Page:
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‘Woon writes about meeting new friends happy to wander through the Norwegian woods with her, spellbound by the hunt. As peculiar as that may sound to most people, mushroom hunters will understand immediately the peculiar joy of discovering fungi, especially rare ones, deep in the beautiful and mysterious woods ... Long is a poetic writer who melds what at first seem to be the most disparate possible topics into a profound and beautiful memoir, and one that is not at all just for mushroom enthusiasts.’

»

Newsday

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‘A Malaysian woman mourns the death of her Norwegian husband by foraging for mushrooms — from morels to Yellow Knights — in this singular memoir in which the author becomes a “traveler in the fungi kingdom”.’

»

The Oprah Magazine, ‘10 August Books You Should Read Right Now’

«

‘There’s something of the really life fairytale about the way mushrooms guided Long Litt Woon through the woods of grief after her husband’s sudden death ... “To feel the flow is to find meaning, and to find meaning is to quiet and transform the storm inside.” In this way, mushrooming becomes an apt and mysterious metaphor for mourning’s “fieldwork of the heart” and the unexpected consolations it can yield.’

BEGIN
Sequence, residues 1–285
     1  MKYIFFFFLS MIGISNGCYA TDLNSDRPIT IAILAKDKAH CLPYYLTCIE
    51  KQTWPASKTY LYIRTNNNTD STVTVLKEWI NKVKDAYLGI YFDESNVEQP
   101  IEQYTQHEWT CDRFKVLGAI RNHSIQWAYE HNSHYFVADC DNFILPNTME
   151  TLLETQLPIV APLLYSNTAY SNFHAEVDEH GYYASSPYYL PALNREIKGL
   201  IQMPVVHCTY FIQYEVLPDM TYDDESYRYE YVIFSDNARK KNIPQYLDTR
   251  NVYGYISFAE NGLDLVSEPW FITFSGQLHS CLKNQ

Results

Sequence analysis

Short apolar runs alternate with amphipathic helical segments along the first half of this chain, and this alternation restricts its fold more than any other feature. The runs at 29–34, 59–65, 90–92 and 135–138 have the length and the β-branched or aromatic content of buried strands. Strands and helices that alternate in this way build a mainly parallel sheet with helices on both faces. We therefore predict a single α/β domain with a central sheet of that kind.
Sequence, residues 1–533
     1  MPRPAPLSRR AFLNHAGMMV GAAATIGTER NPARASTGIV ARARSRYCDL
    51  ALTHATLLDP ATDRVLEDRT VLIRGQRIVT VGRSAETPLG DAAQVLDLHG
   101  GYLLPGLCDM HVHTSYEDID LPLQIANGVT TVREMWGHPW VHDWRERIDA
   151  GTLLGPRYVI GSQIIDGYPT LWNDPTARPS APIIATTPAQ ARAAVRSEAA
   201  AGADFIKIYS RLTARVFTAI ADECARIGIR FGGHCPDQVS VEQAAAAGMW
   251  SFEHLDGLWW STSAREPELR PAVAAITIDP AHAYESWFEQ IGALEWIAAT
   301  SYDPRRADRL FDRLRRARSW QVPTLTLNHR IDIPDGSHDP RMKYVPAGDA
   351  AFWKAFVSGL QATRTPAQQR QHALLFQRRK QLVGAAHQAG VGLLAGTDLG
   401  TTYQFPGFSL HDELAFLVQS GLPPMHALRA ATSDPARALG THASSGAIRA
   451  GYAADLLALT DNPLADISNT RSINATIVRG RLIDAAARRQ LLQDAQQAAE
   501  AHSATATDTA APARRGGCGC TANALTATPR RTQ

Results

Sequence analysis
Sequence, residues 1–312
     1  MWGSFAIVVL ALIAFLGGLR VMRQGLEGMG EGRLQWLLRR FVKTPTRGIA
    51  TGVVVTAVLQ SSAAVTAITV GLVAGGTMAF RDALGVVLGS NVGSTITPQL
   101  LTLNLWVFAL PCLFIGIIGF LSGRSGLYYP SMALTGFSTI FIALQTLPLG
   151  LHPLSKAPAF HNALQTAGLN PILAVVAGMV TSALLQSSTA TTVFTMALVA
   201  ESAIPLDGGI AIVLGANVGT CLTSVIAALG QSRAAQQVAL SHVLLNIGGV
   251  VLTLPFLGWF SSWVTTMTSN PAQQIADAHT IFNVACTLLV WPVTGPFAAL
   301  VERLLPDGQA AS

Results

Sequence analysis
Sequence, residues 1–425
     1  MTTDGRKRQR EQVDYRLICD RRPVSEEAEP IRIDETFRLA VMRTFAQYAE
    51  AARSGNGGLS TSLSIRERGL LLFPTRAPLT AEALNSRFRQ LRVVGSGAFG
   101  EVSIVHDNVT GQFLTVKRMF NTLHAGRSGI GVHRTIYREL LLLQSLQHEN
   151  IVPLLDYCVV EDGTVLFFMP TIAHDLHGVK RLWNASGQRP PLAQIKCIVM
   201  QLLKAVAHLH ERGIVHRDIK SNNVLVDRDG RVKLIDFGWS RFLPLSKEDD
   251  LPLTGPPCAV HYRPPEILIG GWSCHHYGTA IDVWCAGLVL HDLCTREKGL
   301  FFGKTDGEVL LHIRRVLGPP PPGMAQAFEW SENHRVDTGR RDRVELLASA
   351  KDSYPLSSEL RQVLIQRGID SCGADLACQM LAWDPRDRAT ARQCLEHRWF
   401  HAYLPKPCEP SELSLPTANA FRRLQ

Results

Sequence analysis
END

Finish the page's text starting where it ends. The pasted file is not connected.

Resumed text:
»

Fiona Capp, The Age

«

‘[W]ritten by an exceptional woman who deigns to let us in on her unusual way through grief ... you will learn a lot about how she perceives people (indeed they appear to be her favourite subject second only to fungi) and her notes on human existence will delight and humour you ... you will also learn more about mushrooms than you ever knew you needed. [Woon] balances hefty scientific antidotes with the truly fantastic places her mushroom research has taken her. From perfumers to poison guides, there is nothing Woon will describe that won’t leave you hungry for more. A truly wonderful book about life and grief and mushrooms, The Way Through The Woods deserves all the praise it has been reaping and more.’

»

Cay Lane Wren, The Seattle Book Review

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The Way Through the Woods was enchanting, made me want to go mushroom picking and learn how to do it properly!’

»

Megha Majumdar, author of <i>A Burning</i>

«‘A gorgeous meditation on love, loss and belonging, The Way Through the Woods stayed with me for weeks after I finished it. Long Litt Woon has written a book that will reaffirm your belief in the strength and beauty of the human spirit.’»

Tash Aw, author of We, the Survivors